The daily routine was to walk as much as people could handle and then line up along the side of the highway and hope for rides. Whoever had money would pay locals with cars, and the people who didn't have money would sit there until a truck came by that would let them hitch a ride. By the third or fourth day, people were already so tired that they just walked to the edge of town and started hitchhiking.

A couple of times the organizers had to get people up and moving, because they would just sit down and wait. They were lulled into a false sense of security, like I was, because of the size of the group. Having 1,200 to 1,500 people walking down the side of the highway is just impractical — you had to go at the pace of the slowest person. They would put older people and women with kids up at the front to make sure that people couldn't walk faster than that, so it was essentially like a parade.

Luc Forsyth for BuzzFeed News

Migrants cheer after successfully hitching a ride in the back of a dump truck outside Huixtla, Chiapas.

They were holding signs, they had chants, and those chants went all the way up to Tijuana — the same chants over and over again. The banners were also a way to keep everyone walking at the same speed and to stop people from spilling out over the whole highway.

There were also some surreal situations. There was an 80-year-old woman in a wheelchair who really did not want to be on the caravan. Her grandson had brought her and was telling her, “You're coming with me, because I can’t leave you behind.” There was no one to look after her in Guatemala, where they’d come from — it was an impossible situation. She was completely exhausted and constantly begging to be left behind, which, of course, was not an option.

It was like a traveling village. You can see the pictures of people sleeping — how closely packed they were, how tough they were, and also trusting. They had to set up a camp for their family in a public park and had to sleep next to people that they barely knew. They were vulnerable — in a country where they have no connections, foreigners in a country that has a record of treating migrants very badly.

We would walk for four hours and then everyone would sit down for four or five hours and then get picked up by vehicles piecemeal. People were wearing flip-flops and super-cheap dress shoes. They were just weren’t prepared at all for a big hike and the organizers saw that.

A couple of times the organizers had to get people up and moving because they would just sit down and rest and then someone would come along and be like, We can't stop here.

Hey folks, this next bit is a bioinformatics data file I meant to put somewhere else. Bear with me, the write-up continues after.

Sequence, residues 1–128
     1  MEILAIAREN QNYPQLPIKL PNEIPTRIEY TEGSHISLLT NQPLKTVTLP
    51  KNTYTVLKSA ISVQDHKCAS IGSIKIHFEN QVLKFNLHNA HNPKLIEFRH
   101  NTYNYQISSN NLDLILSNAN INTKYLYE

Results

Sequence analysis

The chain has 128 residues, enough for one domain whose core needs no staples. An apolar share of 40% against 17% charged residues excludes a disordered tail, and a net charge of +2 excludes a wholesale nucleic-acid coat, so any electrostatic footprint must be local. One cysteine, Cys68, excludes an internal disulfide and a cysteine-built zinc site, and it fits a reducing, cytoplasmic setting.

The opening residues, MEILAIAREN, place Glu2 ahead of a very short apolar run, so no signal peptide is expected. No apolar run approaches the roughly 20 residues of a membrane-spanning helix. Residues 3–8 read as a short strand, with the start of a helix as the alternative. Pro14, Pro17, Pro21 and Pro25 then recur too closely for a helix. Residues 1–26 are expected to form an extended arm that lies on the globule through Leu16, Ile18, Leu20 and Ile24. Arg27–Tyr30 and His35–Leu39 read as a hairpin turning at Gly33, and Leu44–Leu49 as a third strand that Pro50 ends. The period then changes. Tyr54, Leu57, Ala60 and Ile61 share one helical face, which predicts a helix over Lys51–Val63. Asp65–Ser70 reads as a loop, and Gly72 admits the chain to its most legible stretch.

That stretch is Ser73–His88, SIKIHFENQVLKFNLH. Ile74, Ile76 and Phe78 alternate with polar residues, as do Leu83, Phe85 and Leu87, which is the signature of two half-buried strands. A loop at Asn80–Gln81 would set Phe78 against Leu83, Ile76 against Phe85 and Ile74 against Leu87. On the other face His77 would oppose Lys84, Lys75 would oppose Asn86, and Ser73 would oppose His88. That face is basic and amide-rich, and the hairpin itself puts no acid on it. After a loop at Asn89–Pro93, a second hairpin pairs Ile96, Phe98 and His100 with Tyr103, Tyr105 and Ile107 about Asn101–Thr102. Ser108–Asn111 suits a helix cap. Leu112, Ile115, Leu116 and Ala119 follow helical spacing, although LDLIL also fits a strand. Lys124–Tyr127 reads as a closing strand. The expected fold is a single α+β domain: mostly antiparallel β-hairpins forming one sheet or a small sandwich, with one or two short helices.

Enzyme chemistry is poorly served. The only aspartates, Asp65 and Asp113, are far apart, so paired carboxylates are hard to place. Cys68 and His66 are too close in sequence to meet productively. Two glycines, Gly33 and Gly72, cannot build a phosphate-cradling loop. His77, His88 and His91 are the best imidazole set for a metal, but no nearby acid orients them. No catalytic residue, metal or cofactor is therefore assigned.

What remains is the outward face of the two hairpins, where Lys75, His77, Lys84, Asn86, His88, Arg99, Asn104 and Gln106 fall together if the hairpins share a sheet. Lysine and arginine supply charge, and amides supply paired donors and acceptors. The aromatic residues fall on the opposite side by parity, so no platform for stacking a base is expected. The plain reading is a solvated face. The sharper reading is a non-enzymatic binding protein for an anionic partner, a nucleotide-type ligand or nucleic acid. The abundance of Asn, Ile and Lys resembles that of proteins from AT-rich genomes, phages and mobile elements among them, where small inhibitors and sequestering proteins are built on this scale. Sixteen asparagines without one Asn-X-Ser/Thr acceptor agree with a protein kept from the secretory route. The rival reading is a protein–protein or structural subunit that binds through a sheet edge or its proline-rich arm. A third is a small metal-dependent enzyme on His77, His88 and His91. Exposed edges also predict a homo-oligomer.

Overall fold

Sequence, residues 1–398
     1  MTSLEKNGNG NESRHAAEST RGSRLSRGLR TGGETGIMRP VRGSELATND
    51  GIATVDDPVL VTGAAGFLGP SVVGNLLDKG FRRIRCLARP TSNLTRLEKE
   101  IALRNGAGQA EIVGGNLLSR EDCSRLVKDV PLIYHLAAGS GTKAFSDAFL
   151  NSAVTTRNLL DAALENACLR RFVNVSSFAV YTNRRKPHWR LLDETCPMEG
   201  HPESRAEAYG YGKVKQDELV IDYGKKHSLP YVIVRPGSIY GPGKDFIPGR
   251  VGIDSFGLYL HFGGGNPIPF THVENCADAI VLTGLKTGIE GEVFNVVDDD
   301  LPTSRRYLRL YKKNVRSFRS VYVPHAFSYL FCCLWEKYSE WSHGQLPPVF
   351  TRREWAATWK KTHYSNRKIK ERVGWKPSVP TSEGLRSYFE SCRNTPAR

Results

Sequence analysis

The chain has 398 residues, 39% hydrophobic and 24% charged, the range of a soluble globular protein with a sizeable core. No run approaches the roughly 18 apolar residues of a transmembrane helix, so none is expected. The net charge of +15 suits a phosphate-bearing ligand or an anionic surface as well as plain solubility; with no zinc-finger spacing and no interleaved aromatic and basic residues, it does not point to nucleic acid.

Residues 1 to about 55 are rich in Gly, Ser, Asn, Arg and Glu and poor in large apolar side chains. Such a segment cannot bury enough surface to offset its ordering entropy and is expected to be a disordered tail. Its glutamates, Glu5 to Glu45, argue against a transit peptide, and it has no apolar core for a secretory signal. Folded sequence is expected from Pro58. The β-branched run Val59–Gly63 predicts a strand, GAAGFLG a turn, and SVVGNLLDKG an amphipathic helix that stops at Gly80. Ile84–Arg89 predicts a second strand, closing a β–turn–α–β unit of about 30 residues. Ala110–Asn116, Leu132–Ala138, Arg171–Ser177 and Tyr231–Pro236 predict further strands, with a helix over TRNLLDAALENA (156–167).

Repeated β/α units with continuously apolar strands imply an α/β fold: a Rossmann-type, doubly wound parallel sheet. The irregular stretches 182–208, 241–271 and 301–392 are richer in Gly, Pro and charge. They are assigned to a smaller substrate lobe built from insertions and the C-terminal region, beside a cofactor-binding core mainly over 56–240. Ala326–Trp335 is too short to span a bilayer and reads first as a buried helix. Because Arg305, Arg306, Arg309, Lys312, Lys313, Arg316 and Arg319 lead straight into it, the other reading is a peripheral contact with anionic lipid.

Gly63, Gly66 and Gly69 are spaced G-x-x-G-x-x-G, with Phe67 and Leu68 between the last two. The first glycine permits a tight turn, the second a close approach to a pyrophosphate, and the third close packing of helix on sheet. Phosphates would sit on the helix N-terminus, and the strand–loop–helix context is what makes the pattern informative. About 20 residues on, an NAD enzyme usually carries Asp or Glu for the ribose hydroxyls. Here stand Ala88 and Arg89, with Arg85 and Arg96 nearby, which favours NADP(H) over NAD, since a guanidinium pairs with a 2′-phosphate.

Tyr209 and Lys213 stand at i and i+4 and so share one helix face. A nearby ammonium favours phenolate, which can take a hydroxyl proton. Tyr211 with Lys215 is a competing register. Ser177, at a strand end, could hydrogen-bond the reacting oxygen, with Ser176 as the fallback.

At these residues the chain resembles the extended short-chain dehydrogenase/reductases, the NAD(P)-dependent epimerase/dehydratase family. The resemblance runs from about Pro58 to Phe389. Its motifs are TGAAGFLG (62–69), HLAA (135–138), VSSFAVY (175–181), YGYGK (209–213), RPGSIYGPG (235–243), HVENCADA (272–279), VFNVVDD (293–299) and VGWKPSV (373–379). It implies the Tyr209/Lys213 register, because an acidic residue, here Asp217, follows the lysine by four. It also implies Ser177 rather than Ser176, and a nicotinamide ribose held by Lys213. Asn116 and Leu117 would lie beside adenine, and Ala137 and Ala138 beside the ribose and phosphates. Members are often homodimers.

showed up
with plastic
shopping bags
with a couple
of T-shirts
and then
they started
Luc Forsyth for BuzzFeed News

Migrants sleep in a public park in Arriaga, Chiapas.

Can you describe a particularly memorable moment?

I don't know if it was the most important moment story-wise, but for Adolfo and me, waiting for the train was very intense. The train, commonly called “La Bestia,” is notoriously dangerous. Not only is it physically risky, since you’re riding on top, but it's also a target for cartels, kidnappers, and robbers. To protect themselves, people were scavenging pieces of metal from a nearby construction site.

We were asking ourselves if we should also arm ourselves or not. This was the only time in the whole caravan when I was actually scared for my life. We were two journalists thinking about the possibility of having to hit someone with a piece of metal as they climbed up to kidnap or kill us — that’s not a choice I normally have to make while working. We watched the migrants arming themselves and thought, These guys will fight to the death if something goes wrong, and I don’t know if I could do the same.

We really had to think about our roles as journalists. We did end up bringing along pieces of rebar because if something really bad happened, we didn’t think it was fair to expect the migrants to protect us if we were not prepared to protect ourselves. I actually kept my piece, and it’s now hanging on the wall of my place in Mexico City to remind me that journalistic ethics are more complicated in reality than in theory.

When I look back on this leg of the trip, my own feelings were best captured in a portrait I took of a young Honduran — in his mixed expression of both fear and excitement I see myself.

Luc Forsyth for BuzzFeed News

Members of the caravan bathe and wash their clothes in a river in San Pedro Tapanatepec, Oaxaca.

“We saw
all these
guys arming
and thought,
‘These guys
will fight to
the death.
And if this
I don’t
really think
I could.’”